Power generation from biomass


Biodiesel, (formally) also known as either methyl-ester or ethylester, is the product of a trans-esterification process in which vegetable oils or animal fats are reacted with a monohydric alcohol in presence of a catalyst. In the most commonly used transesterification method (base-catalyzed ransesterification), the triglyceride of oils or fats are converted to methyl (or ethyl) esters; alcohol reacts with the oil to release three “ester chains” from the glycerin backbone of each triglyceride. The reaction requires heat and a strong base catalyst to achieve complete conversion of the vegetable oil into the separated esters and glycerol, the co-product.

Biodiesel is produced from a variety of vegetable oils, as well as from restaurant grease, various animal fats, and soapstock. Since the carbon in the oil or fat is mostly originated from the carbon dioxide in the air, biodiesel is considered to contribute much less to global warming than fossil fuels.

Biodiesel’s advantages compared to petroleum diesel include superior emissions properties, support for domestic agriculture, compatibility with existing engines and distribution infrastructure, and ease of manufacture. It can be refined under normal atmospheric temperature and pressure, and it can be economically produced across a variety of places and scales: from urban to rural, small to commercial.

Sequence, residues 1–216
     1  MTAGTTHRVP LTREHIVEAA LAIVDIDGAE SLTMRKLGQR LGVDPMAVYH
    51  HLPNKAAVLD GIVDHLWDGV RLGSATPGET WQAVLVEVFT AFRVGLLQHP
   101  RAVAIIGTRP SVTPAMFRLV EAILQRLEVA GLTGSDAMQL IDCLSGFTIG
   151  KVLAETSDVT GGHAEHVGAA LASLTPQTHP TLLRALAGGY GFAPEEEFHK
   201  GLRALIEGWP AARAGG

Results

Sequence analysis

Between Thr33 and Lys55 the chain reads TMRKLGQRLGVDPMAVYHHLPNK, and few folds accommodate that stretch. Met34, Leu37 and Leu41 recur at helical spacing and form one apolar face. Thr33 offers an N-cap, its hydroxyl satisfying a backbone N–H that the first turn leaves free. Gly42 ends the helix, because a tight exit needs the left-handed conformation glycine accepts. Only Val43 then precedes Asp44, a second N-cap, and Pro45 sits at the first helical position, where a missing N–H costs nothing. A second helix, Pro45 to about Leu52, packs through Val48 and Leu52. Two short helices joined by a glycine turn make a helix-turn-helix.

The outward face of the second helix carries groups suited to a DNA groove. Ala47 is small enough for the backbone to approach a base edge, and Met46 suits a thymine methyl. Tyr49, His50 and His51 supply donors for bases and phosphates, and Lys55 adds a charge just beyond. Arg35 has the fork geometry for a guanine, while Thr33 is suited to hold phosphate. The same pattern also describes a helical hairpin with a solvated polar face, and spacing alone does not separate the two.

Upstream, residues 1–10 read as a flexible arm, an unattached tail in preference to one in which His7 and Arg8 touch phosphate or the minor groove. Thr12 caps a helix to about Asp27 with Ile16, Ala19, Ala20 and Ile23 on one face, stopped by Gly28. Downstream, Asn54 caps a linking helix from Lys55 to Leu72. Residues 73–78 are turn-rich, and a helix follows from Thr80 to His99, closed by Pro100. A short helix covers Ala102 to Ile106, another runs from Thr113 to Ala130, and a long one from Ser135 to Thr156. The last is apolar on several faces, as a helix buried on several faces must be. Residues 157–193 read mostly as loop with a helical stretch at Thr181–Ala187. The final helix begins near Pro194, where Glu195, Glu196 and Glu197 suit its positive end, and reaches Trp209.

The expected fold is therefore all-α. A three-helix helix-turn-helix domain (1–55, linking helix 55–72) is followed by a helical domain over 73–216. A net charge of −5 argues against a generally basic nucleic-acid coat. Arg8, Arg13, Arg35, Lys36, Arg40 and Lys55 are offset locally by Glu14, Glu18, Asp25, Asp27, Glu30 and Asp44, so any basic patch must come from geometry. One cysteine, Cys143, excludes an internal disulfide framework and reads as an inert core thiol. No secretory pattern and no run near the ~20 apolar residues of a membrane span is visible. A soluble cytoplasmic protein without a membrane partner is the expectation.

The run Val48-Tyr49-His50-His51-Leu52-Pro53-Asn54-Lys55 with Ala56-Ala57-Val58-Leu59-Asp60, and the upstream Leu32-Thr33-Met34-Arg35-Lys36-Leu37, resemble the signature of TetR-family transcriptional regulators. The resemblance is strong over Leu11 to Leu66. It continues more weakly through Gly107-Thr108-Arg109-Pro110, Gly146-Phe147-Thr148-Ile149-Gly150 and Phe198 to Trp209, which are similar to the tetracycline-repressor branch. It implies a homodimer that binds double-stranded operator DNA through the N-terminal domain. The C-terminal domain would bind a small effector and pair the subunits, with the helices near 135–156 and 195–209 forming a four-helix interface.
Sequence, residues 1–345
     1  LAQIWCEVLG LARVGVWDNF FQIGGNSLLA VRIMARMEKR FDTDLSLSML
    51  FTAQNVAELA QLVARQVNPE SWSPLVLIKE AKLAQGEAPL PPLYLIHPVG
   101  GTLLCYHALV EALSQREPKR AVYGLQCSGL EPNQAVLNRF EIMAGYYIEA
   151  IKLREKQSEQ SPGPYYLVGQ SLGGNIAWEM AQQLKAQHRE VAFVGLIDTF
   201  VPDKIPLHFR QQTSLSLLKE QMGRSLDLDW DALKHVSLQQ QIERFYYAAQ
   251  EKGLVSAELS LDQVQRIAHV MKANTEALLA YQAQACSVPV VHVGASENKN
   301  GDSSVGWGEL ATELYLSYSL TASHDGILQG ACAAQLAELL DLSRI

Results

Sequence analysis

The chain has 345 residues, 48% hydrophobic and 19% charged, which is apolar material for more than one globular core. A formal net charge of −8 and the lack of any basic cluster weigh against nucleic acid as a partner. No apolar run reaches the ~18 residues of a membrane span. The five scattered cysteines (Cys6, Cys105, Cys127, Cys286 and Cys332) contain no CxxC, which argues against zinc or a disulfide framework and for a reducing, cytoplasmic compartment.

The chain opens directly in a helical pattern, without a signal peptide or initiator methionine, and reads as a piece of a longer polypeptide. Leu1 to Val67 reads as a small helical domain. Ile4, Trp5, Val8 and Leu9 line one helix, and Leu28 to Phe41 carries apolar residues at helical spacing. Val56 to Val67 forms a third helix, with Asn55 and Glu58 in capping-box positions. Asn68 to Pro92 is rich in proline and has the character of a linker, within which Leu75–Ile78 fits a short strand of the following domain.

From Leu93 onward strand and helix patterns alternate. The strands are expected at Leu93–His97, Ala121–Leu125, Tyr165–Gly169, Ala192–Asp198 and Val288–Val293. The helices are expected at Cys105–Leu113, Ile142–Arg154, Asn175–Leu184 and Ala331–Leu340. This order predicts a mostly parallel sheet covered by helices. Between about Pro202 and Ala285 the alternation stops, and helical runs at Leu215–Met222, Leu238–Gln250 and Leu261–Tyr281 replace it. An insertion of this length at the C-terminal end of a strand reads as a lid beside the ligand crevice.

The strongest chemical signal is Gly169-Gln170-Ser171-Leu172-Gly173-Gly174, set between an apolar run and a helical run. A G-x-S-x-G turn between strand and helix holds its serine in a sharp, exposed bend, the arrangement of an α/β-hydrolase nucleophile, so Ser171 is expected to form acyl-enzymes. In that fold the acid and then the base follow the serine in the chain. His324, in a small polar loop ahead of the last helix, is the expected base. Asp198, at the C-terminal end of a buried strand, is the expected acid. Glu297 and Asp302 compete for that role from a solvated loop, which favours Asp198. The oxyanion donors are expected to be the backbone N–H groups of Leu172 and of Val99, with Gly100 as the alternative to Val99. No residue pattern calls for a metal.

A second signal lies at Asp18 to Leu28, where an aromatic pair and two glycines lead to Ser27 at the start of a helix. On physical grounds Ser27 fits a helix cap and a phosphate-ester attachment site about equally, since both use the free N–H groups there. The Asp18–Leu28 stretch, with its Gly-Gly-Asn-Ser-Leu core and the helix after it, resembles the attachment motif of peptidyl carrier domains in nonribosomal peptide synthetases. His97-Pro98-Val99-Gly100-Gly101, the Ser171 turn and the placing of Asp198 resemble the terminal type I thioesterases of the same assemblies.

Biodiesel has chemical and physical characteristics very similar to fossil diesel: it presents a slightly lower heating value (LHV) in comparison to diesel fuel (around 32.6 MJ/l, instead of 36.5 MJ/l); its kinematic viscosity, in general, varies between 1.9 and 6 cSt. This parameter does not differ significantly from diesel fuel (1.3 and 4.1 cSt). Its density is in the range of 0.86-0.90 ton/m3 at 15 °C and the flash point is above 120 °C, which is higher than the value for diesel fuel, whose flash point varies between 60 and 80 °C. The flash point makes biodiesel safer to manipulate and to transport. Cetane Number of biodiesel (> 51) is slightly higher than that for diesel fuel (45-55).

Within the framework of the Bioliquids-CHP Project, Biodiesel from various source will be tested in an adapted Micro Gas Turbine (MGT) and various Diesel Engines (DEs). Full and partial load test will be carried out to asses performance, efficiency, reliability and flue gas emission.